Are We Blocked or Afraid?

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I’ve been wondering about this lately.  While writing this novel, I occasionally find myself unsure of how to proceed. There are kinks in the plot that need to be worked out.  Sometimes what I planned for my characters doesn’t work and I need to make a change.  Plot holes appear out of nowhere.  For example, at one point, my main character thinks someone may have broken into the house.  I had her going up to her bedroom and locking the door.

Dumb and unrealistic.

I had to add a scene in which she realizes she left her cell phone upstairs and flees to a neighbor’s house to call the police.

For several days, though, I left the problem unresolved.  It isn’t really that I wasn’t sure what to do but that I was afraid to do it.  Like the rest of you, I suffer occasionally from nagging doubts about my ability to pull this off.  It was silly, of course, and the scene I crafted turned out well.  The reader will know that the presence of an intruder can’t explain what’s been happening in the house because the police have ruled that out.  That helps to move the plot along.  I even got to know the neighbor a little better.  Maybe I can use that later in the story.

I’m guilty of going for days without adding to the story because I’m afraid to face it.  It’s too big and unwieldy.  I feel intimidated by it.  There are things I’ve left out that need to be added.  Character descriptions, for example.  Right now, the reader would have no idea what any of the characters looks like.  It’s had me slightly panicked, but I had an epiphany today.

I haven’t written the descriptions because I haven’t been able to see the characters.  And you know what?  It’s okay!  As I continue to write and spend time in the world I’m creating, the people and their surroundings are coming into focus.  I can get all of that nailed down in the next draft.  It doesn’t have to stop me from doing the first draft, which is about the plot.  I don’t have to become “blocked” over it.  Bake the cake, then add the icing.

I think this may be why there are so many characters in self-published novels that feel like they’re 2-dimensional people.  It’s as if the author felt they couldn’t proceed with the story until we knew what color nail polish the main character wore.  It feels forced.  If you’re stuck or bogged down because your characters and setting don’t feel detailed enough, let it slide for now.  The more you think about them and the more words you put into their mouths, the clearer their faces will be; and the rooms they sit in will become furnished.

My characters are finally starting to emerge from the mist and introduce themselves.  And I just realized that the living room couch in the main character’s house is a hideous shade of green.

For now.

 

 

 

 

Family Fallout

As you know, I’m working on my first adult novel.  My main character is a woman who had an abusive family.

I find myself facing a dilemma.  The story isn’t autobiographical, but I’m using some of my own experiences in it.  I guess in a sense I’m fictionalizing nonfiction events.  Both of my parents are dead and aren’t here to defend themselves.  My siblings are all alive, and a couple of them are the basis for my main character’s cruel siblings.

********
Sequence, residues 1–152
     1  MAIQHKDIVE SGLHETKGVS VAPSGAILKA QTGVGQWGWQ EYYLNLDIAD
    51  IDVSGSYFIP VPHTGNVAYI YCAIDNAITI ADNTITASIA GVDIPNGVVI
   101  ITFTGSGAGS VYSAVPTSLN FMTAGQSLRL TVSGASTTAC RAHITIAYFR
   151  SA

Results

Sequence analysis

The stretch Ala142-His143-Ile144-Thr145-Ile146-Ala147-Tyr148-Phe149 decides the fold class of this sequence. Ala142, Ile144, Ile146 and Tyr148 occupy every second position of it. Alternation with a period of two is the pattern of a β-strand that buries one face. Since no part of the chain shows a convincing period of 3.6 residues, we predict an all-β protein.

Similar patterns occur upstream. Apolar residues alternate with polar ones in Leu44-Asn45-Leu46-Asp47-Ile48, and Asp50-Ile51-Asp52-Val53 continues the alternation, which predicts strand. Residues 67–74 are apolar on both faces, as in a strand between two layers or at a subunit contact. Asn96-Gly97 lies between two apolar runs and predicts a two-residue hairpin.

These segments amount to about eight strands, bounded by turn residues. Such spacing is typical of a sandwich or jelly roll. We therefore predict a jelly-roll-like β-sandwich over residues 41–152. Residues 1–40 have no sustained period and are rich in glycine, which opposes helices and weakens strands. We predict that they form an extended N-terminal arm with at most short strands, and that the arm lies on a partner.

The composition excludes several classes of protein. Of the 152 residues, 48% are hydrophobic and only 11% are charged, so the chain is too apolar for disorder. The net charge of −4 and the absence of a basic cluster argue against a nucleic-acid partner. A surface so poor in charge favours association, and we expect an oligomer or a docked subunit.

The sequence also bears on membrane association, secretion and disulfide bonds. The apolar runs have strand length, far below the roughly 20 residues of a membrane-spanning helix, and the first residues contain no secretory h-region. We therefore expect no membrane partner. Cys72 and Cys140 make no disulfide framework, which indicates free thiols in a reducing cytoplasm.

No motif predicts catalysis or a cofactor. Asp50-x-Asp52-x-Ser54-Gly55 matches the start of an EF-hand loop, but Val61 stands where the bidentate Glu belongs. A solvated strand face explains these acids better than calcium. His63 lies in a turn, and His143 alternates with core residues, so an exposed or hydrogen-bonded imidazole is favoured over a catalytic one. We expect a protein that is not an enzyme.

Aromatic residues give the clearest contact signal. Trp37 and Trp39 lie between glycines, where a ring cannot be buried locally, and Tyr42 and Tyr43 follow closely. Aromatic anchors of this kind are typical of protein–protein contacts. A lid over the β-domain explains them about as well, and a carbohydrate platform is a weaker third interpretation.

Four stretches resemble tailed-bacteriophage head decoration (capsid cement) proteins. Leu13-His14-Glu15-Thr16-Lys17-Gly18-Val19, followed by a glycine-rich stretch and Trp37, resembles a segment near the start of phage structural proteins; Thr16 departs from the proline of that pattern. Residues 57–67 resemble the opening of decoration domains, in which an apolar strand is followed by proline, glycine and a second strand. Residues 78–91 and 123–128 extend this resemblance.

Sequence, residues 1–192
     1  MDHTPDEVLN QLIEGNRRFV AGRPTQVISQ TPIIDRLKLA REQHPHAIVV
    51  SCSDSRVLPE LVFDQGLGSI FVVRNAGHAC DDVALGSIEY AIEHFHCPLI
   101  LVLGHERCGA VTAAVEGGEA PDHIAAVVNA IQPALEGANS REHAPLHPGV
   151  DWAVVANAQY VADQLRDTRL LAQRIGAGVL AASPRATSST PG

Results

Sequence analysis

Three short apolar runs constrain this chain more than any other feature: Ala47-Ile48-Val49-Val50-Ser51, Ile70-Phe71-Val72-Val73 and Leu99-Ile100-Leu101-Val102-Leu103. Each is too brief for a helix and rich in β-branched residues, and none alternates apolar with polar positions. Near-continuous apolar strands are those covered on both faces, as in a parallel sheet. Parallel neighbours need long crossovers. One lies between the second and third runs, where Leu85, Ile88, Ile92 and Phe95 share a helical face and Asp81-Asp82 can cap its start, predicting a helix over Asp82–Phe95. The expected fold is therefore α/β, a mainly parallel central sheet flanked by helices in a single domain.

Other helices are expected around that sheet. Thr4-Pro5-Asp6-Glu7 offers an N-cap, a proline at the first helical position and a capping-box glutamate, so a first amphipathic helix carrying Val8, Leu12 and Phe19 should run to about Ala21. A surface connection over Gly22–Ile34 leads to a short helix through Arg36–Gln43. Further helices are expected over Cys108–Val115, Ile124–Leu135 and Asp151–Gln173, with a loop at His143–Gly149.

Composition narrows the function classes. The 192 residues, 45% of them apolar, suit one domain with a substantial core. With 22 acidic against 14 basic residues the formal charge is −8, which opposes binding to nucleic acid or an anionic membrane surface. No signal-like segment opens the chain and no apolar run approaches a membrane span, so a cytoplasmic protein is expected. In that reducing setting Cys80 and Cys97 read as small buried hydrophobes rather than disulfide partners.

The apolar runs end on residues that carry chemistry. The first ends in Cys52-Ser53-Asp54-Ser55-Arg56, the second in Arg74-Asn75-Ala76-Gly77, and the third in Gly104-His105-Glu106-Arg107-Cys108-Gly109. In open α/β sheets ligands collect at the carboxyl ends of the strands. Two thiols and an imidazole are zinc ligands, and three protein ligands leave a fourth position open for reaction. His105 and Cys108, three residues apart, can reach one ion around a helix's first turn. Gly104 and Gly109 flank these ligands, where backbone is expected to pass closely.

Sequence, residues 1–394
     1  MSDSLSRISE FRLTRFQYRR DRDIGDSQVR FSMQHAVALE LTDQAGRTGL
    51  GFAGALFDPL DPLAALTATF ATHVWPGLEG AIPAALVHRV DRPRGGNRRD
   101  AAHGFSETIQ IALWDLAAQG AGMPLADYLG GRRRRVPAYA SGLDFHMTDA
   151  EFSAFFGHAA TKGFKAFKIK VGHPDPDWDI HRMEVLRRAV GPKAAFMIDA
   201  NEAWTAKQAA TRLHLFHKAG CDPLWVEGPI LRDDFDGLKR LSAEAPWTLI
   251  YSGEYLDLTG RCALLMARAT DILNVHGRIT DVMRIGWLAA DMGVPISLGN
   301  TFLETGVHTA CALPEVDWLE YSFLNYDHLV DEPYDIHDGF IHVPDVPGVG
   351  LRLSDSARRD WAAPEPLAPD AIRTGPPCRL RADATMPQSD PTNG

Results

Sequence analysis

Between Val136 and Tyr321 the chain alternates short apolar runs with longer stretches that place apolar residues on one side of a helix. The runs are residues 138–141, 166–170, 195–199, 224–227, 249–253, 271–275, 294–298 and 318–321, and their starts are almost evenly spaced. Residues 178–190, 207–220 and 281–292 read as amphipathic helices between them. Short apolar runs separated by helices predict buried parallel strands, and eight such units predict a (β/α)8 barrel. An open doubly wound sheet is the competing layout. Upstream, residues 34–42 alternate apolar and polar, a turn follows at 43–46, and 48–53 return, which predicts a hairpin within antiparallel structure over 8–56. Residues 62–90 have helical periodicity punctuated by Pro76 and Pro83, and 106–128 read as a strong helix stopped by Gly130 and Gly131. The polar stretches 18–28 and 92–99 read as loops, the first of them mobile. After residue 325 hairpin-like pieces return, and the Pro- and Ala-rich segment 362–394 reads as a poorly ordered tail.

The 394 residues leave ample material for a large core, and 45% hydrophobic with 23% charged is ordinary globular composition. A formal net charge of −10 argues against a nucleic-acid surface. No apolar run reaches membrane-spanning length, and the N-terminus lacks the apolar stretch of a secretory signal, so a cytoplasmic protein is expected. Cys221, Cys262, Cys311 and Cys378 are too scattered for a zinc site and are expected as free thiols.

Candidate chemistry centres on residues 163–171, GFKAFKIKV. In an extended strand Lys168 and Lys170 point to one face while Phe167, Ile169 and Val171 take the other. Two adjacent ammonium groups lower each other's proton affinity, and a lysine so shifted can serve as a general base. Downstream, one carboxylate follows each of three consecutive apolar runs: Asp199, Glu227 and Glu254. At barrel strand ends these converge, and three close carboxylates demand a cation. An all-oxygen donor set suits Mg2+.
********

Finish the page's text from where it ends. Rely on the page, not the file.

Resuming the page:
You see where this is going?

I have no relationship or connection to the siblings in question, having gone no contact several years ago.  There is a chance, however, that once I publish this book they’ll read it.  I expect quite the s**t storm.

Now, one could argue that if they see themselves in the characters in my book, that’s entirely their problem.  As the T-shirt says, “If you didn’t want to end up in my novel, you should have been nicer to me.”  On the other hand, I’m not writing a revenge piece.  As a writer, I’m using what I know about life to flesh out my character.  I’ve made some changes to the circumstances my character lives through and have sometimes consolidated events or changed who was responsible for them.  In the book, the character suffers primarily emotional and psychological abuse.  There is only the suggestion of physical abuse.  Quite frankly, I didn’t feel like including it because the emotional and psychological were much more damaging to me. Bruises on the skin heal eventually.

I’ve made a point of making sure my main character is as emotionally damaged as you would expect her to be.  She isn’t a warm and fuzzy person.  Rather than cowing her and making her mouse-like, what she suffered has hardened her and given her something of a prickly personality.  I’m trying to find ways to soften her or at least make her more sympathetic.  If I were a shrink, I would say I was searching for some good in myself after a lifetime of being told I’m not worth anything.  Pathetic, right?

What do you think?  Is it all truly grist for the mill?  What are the boundaries, or do they even exist?

Writing this character has brought up memories of things I’d long forgotten; and of course, my view of things is decidedly one-sided.  I don’t want to hurt any feelings.  I don’t want to make a bad situation worse.  I just want to write a story that rings true.  A happy family situation wouldn’t fit the story I’m writing.  The abuse needs to exist.

Where do you, as an artist, draw the line?

 

Making Progress & Finding the Groove

The novel is coming along.  Slowly.  I find myself being pulled back to the beginning by the need to edit what’s been written so far.  The things that need to be fixed are becoming obnoxious in their insistence.